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article imageMelanoma 'shuts down' body's premier immune defence

By Greta McClain     Mar 4, 2013 in Science
London - A new study by UK researchers shows a deadly form of skin cancer is capable of basically shutting down the body's strongest immune response.
King's College London researchers found that melanoma, the most dangerous form of skin cancer, shuts down the body's immune system by intentionally creating conditions that weaken the body's most potent B cells immune response, while attracting the least effective.
The body's B cells secrete substances called antibodies which attack antigens in the bloodstream. There are four types of antibodies, with IgG1 being the most effective at activating immune cells, while IgG4 is believed to be the least effective.
The researchers, led by Dr Sophia Karagiannis and Professor Frank Nestle, took tumor and blood samples from 80 melanoma patients. By recreating the conditions found in the body when melanoma cells are present, they found that IgG4 responded to the cancerous cells while also hampering the circulation of IgG1, essentially "shutting down" the immune response. Karagiannis told News Medical:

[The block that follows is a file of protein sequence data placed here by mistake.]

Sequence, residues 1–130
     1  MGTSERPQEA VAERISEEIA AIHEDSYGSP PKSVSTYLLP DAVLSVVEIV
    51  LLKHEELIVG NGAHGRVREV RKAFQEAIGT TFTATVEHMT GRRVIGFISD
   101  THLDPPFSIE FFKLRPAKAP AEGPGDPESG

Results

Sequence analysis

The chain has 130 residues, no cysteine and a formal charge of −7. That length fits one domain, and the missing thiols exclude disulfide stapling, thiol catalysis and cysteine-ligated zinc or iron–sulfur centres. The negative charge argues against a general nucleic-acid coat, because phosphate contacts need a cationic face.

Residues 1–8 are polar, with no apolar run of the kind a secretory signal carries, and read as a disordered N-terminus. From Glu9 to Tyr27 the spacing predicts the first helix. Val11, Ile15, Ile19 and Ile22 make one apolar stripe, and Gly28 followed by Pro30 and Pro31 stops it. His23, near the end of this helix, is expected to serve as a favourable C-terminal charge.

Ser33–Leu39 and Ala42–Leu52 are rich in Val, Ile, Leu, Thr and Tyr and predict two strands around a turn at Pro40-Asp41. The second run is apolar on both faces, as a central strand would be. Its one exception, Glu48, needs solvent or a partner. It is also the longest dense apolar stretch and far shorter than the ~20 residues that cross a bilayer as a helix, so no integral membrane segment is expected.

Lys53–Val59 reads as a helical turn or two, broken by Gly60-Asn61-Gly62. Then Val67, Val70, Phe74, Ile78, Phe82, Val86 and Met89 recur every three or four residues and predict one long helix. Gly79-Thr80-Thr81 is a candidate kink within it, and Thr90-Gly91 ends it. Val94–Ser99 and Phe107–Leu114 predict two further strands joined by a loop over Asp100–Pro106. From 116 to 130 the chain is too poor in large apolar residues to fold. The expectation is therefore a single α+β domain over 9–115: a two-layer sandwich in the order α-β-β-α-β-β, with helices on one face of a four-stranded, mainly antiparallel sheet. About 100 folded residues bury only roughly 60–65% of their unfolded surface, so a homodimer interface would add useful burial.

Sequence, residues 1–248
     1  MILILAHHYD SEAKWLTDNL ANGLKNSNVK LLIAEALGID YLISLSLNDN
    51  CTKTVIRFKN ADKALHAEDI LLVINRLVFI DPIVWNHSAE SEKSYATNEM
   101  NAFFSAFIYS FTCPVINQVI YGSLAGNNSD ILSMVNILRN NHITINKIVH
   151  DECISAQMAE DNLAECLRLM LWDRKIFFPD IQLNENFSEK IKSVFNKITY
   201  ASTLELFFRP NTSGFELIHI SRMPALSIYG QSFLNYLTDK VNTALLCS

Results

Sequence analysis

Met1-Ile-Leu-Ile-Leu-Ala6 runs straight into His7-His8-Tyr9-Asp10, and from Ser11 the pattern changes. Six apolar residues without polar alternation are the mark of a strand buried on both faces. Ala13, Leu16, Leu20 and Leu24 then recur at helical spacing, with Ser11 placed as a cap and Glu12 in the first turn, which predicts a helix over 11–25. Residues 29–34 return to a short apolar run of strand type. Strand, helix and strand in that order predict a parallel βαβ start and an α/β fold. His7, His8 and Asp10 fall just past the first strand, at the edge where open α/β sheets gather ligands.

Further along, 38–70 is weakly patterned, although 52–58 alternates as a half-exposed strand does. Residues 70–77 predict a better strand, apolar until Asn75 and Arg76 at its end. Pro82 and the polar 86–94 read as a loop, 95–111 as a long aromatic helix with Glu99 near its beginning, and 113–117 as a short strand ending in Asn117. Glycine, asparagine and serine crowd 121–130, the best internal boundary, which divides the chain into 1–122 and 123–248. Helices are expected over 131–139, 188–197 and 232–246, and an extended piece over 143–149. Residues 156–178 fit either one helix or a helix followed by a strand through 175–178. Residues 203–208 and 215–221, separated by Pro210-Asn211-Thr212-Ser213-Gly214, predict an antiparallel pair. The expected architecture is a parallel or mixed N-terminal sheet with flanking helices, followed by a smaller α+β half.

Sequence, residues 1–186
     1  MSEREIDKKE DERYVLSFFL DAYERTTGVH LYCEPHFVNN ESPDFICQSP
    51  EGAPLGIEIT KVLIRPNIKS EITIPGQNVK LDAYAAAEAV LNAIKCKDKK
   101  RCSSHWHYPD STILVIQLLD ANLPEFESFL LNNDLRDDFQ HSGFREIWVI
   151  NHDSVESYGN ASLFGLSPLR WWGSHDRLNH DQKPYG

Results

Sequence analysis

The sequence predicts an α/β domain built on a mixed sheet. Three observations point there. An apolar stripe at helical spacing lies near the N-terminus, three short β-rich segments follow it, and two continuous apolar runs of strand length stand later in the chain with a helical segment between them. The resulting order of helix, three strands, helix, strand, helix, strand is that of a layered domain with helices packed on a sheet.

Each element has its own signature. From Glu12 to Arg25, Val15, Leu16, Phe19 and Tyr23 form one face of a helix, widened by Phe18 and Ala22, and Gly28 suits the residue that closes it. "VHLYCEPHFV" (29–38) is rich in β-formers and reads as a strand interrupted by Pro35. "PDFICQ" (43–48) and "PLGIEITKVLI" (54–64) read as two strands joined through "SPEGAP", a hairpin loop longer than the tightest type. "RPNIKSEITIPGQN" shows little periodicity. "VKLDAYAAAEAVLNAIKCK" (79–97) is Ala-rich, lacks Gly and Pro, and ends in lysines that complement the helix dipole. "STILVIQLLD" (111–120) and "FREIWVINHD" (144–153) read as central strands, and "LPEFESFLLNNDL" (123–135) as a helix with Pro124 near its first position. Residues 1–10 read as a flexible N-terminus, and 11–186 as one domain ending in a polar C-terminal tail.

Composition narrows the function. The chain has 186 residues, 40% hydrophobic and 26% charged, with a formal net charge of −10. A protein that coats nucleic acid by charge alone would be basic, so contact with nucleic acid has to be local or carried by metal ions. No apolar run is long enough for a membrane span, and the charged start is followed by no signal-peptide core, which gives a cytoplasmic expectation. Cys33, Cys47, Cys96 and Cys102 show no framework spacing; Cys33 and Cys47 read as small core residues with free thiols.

"We were able to mimic the conditions created by melanoma tumors and showed that B cells can be polarized to produce IgG4 antibodies in the presence of cancer cells. This work bears important implications for future therapies since not only are IgG4 antibodies ineffective in activating immune cells to kill tumors but they also work by blocking [IgG1] antibodies from killing tumor cells."
By also testing samples from 33 patients, the study found that patients who had an increased level of IgG4 in their blood typically had a poorer prognosis than patients with levels in the normal range.
Researchers believe they can use this latest information to develop new cancer treatment therapies by possibly explaining why some immune boosting treatments are less effective in certain patients, with Karagiannis saying:
"IgG4 not only prevents the patient's more powerful antibodies from eradicating cancer, but could also explain why treatments may be hindered by those native IgG4 antibodies found in patients, making therapeutic antibodies less effective."
They are also hopeful the research can also lead to a potential test which identify patients most likely to respond to treatments. Nestle told the BBC:
"This study can also inform the rational design of novel strategies to counteract IgG4 actions."
More about Cancer, Skin cancer, Melanoma, Immune System, Immune
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